Chicago Pride Parade: an afternoon of rainbows and rain

Lansing residents, Purdue students join the celebration

by Carrie Steinweg

CHICAGO, Ill. (July 5, 2019) – Sunday marked the 50th Annual Chicago Pride Parade, traditionally held on the last Sunday of June. The first parade was organized as a march on June 27, 1970, with 150–200 individuals participating. Today attendance at the event, which celebrates the LBGTQ community, exceeds a million.

Although this year’s parade was cut short due to storms, weather didn’t dampen the spirits of those who came out in celebration and support. The cancellation occurred a half-hour before the parade was scheduled to conclude, after severe weather warnings were issued by the National Weather Service.

Pride from Purdue

The parade has been taking place for decades, but for many people—including a group from Purdue University Northwest’s campuses in Hammond and Westville—this was their first experience taking part in the festivities. George F. Kacenga, Executive Director of Global Engagement for Purdue Northwest joined the university last year and organized for the school’s LGBT+ Alliance group to march together in the parade for the first time.

A group from Purdue Northwest’s Hammond and Westville campuses walked in Chicago’s 50th Annual Pride Parade. (Photo: Carrie Steinweg)

“My husband and I celebrated 10 years together this May, and during my first year being with PNW professionally, I learned that the student-led LGBT+ Alliance was going through a normal leadership change. Together we thought a presence in the Pride Parade was a great way to celebrate PNW as the ‘Pride,’ and generate interest in the student group and our university’s pride for the LGBTQ community,” said Kecenga.

About 42 participants from the two campuses traveled to Chicago to walk the 4-mile parade route. “Several students are new freshmen who haven’t even started classes but found community at PNW through our participation in the parade. This year’s Pride Parade in Chicago recognized the 50 years that followed the Stonewall Riots. It’s important for students to learn about and understand the significance of these events.”

Beautiful faces

Kelly Pierce, 20, of Lansing, attended her second Pride Parade this year. Last year she was there as a spectator, and this year she was able to take it all in from a float in the parade. She sat on the WGN Radio float, which had a theme of “Voices of Pride.”

It was also the second parade for Zach Furmanek, 19, of Lansing. He walked in the parade beside the WGN Radio float handing out cell phone credit card holder giveaways and beads to spectators. “It’s a fun way to show your pride and who you are,” he said.

Kelly Pierce and Zach Furmanek of Lansing participated in Chicago’s 50th Annual Pride Parade on Sunday, June 30. (Photo: Carrie Steinweg)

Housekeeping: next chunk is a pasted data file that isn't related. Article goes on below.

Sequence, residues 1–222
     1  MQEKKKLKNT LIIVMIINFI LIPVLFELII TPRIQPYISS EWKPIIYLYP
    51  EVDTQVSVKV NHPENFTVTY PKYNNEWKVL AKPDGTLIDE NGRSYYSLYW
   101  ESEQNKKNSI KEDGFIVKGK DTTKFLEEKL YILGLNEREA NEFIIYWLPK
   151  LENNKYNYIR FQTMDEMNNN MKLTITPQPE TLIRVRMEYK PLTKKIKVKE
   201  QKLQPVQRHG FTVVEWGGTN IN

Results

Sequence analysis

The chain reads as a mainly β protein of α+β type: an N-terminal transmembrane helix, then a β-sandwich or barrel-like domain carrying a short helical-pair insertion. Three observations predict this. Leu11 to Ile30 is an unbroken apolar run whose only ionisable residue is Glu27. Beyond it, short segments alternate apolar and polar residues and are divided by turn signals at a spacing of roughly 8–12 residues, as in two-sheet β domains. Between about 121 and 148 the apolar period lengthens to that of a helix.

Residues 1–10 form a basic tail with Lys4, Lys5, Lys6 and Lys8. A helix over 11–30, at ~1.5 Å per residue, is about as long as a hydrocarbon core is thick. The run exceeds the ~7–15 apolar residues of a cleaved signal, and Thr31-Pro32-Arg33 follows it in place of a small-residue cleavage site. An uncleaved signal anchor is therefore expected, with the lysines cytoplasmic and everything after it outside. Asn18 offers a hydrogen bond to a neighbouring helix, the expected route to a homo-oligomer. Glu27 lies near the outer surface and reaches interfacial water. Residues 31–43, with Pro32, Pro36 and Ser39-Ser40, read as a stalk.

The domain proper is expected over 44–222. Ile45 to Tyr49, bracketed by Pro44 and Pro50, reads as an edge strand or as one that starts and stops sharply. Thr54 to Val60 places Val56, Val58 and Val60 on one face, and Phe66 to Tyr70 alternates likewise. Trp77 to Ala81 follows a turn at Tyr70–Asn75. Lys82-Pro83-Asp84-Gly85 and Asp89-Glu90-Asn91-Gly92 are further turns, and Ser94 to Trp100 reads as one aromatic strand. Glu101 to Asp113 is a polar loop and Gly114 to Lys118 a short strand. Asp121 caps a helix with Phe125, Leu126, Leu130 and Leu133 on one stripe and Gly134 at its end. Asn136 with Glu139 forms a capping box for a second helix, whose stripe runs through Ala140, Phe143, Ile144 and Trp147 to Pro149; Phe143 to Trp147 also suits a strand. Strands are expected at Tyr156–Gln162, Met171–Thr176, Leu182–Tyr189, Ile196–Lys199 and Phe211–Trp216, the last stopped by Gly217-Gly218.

“Pride, to me, is being truly yourself and not caring what other people think about you. I’ve never seen as many free-caring spirits as I have at the Pride Parade,” said Pierce. “It was an outstanding opportunity to be able to ride on the float this year and see all of the beautiful faces and outfits people have spent hours perfecting. The cheers and dances were phenomenal to watch. I wish we could’ve finished out the parade, but the rain came so we had to stop. I love Pride and Pride-goers. Everyone’s truly themselves, and its a beautiful experience.” The float Pierce was on was number 60 out of 163.

Leading the parade this year was Chicago’s first openly-gay mayor, Lori Lightfoot, who walked with her wife, Amy Eshleman, and with police Superintendent Eddie Johnson for part of the route. Among the floats and walking groups were the Chicago White Sox, the Obama Foundation, T-Mobile, US99 FM, Jewel-Osco, and the Chicago Cubs.

Matthew Smith of Oak Park wears a Pride Flag as he walks in the Chicago Pride Parade on Sunday. (Photo: Carrie Steinweg)
Matthew Smith of Oak Park has been participating in the parades since he was 19 in both Chicago and St. Louis. “This Pride marks my 14th Pride Parade I have walked in. I have walked with many different groups, but why I walk remains the same. I walk to celebrate pride and show my support for the LGBTQ community—the community that welcomed me with open arms.”

“On the route, PNW students, faculty, and staff distributed Purdue Northwest frisbees to parade-goers, parents, friends and family, and PNW alumni. Purdue Northwest is a big part of the NW Indiana and greater Chicago area community,” said Kacenga. “Much like the culture of Purdue Northwest, the parade experience was all about putting students first. And even though it rained on this parade, the love and community present today cannot be washed away. PNW students are already planning for next year, and a new tradition was born today.”

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